Japanese Financial Services Minister Shozaburo Jimi said companies in general should decide their executives’ pay, responding to a newspaper report that the government wants Shinsei Bank Ltd. to cap salaries.
“Generally speaking, the level of a company’s payroll should be determined by its management and agreed between workers and the employer,” Jimi said at a news briefing in Tokyo today. “It’s important that a bank with public funds sets out a decent management plan including appropriate payroll costs.”
Shinsei, which is partly owned by the government, is under pressure from the Financial Services Agency to limit salaries and bonuses at about $230,000 a year, the Financial Times reported today. The Tokyo-based bank in June replaced foreign executives after two years of losses, a failed merger and government criticism of the company’s compensation policy.
Chief Executive Office Shigeki Toma and others may be exempted from the remuneration cap, the newspaper said. Eiji Otaka, a spokesman for Shinsei in Tokyo, decline to comment on the report.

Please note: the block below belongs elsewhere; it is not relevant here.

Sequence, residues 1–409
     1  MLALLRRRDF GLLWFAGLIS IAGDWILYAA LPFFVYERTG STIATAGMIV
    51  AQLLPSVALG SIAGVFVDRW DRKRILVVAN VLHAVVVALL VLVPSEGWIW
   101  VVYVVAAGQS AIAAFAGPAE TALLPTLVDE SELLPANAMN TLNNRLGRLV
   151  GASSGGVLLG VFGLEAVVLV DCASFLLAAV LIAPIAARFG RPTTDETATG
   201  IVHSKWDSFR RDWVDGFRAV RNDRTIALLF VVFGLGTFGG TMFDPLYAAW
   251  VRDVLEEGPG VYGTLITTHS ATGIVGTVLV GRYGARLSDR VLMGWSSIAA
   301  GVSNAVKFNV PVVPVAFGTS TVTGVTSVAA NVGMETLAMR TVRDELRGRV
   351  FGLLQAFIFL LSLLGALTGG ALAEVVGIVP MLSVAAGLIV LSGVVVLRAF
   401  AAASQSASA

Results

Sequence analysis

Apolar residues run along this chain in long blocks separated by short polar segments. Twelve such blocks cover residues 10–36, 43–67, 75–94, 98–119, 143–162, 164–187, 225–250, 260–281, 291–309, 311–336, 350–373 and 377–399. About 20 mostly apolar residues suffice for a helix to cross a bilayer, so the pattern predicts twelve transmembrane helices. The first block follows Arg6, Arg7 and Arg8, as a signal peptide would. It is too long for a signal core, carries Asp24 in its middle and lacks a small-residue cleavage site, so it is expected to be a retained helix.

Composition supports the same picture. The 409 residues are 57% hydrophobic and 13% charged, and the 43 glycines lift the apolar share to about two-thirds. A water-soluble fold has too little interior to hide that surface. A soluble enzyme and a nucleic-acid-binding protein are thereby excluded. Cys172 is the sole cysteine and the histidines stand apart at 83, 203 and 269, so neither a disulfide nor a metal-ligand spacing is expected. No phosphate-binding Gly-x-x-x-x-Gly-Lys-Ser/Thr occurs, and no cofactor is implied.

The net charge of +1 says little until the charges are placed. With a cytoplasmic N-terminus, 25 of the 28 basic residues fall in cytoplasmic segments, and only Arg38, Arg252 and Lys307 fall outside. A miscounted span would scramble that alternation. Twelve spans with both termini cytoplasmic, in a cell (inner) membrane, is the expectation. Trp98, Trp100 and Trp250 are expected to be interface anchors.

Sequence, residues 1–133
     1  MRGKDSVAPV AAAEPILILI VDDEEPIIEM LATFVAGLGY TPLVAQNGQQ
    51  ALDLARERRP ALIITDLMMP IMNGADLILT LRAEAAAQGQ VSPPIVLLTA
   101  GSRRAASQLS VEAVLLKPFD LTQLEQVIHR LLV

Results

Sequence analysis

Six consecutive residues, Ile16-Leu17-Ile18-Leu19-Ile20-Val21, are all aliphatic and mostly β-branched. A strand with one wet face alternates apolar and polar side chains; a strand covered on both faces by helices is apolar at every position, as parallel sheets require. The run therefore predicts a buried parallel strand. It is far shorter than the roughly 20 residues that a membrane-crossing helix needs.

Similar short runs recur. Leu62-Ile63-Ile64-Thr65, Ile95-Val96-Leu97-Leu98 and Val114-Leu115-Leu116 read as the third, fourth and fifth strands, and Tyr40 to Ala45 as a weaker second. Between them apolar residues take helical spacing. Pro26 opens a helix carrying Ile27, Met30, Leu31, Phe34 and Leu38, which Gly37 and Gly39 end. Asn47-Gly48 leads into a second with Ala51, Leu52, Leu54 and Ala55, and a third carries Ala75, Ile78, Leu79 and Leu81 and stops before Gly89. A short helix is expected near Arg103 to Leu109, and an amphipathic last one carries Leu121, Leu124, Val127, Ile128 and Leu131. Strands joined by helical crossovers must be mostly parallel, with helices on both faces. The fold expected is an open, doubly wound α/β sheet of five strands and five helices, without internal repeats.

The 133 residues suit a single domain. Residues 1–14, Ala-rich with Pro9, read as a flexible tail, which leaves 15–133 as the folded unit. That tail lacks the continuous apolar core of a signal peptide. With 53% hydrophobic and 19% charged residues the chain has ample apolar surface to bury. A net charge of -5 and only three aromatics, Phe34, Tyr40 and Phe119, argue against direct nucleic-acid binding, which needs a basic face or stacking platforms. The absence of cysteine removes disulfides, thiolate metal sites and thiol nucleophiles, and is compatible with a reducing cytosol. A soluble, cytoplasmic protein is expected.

Jimi’s predecessor as head of the banking watchdog, Shizuka Kamei, said in May that compensation over 100 million yen ($1.2 million) for non-Japanese executives at Shinsei was “exorbitant.” Four executives who earned above that amount, including Chief Financial Officer Rahul Gupta, resigned the following month.
Shinsei had 216.8 billion yen of public funds as of March 2010, according to the lender’s annual report.
The Financial Services Agency this year began forcing listed companies to disclose compensation of board members or executive officers exceeding 100 million yen in filings to the Ministry of Finance. Companies now must give a breakdown of compensation packages, including stock options, bonuses and retirement payouts.
Jimi, a member of junior coalition partner the People’s New Party, was reappointed financial services minister today in a reshuffle of Prime Minister Naoto Kan’s Cabinet.